Kids can have a delayed or prolonged adjustment period, so "when they tell you about their experiences, believe them, support them, and help them navigate," she encourages.

4. Keep Your Culture Alive

You may be eager to adopt new habits and customs when moving to a new environment. This is wonderful and highly encouraged. But holding on to certain practices and traditions from home can help kids stay connected to their ethnic roots so they can still appreciate where they come from. Whether it's listening to popular music, cooking family recipes, or wearing traditional outfits on occasion, find ways to normalize connecting with your heritage. "We need to keep our culture alive, constantly speaking about our beautiful continent and what makes it home," says Ranganai.

If you move to a country with a Black majority, this tip especially applies. Your culture is more than your color. It can take a little time to realize which parts of your culture are missing in your new country.

If you're Black American but living in the Caribbean, for example, this might mean cooking soul food dishes, hosting Thanksgiving in your new home, and celebrating Black History month—all things that might seem otherwise mundane but that can help your children understand what Black culture is like where you're originally from. Similarly, when living in sub-Saharan Africa, keep in mind that Black cultures are wide and diverse. But aspects of your culture might still be missing in local society.

If possible, have your kids call relatives on the phone, speak their native language at home, and do whatever else feels right for your family.

5. Prepare Your Kids to Answer, "Where Are You Really From?"

No matter where you go, your kids will be asked to explain where they are from. The truth is that the question is overly simple, and there's no good answer. Either way, they may still struggle with guilt, confusion, and annoyance when this comes up over and over again. Over time, parents can help kids craft an answer that feels authentic, honoring the parts of their heritage that they want to share.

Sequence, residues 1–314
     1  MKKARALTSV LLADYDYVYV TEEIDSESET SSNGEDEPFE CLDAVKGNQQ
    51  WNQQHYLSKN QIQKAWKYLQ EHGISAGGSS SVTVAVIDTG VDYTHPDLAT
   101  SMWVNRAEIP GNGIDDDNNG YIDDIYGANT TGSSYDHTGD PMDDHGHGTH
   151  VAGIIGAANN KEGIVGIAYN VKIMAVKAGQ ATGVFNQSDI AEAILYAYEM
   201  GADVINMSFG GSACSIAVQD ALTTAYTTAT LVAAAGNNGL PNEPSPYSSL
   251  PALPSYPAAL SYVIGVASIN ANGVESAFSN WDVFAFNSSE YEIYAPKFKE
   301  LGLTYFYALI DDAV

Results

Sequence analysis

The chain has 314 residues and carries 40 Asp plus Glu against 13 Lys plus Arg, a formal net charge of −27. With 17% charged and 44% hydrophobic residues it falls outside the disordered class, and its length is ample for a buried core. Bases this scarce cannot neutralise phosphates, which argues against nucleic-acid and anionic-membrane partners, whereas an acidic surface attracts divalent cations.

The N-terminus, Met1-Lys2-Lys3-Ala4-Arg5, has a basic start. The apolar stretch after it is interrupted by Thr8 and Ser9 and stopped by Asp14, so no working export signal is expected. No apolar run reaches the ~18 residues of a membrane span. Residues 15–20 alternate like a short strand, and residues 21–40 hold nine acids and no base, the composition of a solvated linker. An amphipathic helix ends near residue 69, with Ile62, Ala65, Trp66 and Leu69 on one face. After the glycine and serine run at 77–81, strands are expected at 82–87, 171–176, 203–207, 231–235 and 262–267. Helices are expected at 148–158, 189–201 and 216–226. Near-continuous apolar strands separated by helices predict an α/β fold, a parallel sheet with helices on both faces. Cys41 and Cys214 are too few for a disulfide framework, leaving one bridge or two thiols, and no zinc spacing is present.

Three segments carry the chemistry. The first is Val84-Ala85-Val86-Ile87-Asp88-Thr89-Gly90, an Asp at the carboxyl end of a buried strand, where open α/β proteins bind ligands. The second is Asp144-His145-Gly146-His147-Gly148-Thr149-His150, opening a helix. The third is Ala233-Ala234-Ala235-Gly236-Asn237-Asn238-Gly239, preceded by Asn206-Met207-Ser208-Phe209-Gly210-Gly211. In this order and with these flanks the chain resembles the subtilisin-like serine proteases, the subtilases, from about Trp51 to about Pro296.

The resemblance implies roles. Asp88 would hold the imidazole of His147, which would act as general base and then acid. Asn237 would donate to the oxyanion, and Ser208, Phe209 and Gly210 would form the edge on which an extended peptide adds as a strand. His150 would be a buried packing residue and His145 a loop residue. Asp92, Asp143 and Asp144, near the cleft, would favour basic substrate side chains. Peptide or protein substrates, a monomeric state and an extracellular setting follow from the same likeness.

First, let them know that they don't owe anyone an answer. If the question was asked in a nasty tone, it's ok to walk away.

Second, if they're feeling bullied or threatened by the questioner, their safety comes first. They should focus on getting away from the aggressor and seek help from you, teachers, or another trusted adult.

But, if a curious friend asks, they'll likely want to respond with something that feels complete. Help them practice different variations until they feel comfortable.

"I have moved around a lot" or "I moved here from X country" are perfectly sufficient answers.

If they want to get specific, try something like, "I was born in W country, my parents are originally from X and Y countries, and I have been living here since I was Z years old."

The best thing you can do is to teach them that there's no wrong answer and reassure them that it is ok if their answer changes depending on the situation.

Nafeesah Allen, Ph.D., is an American migration scholar based in Peru.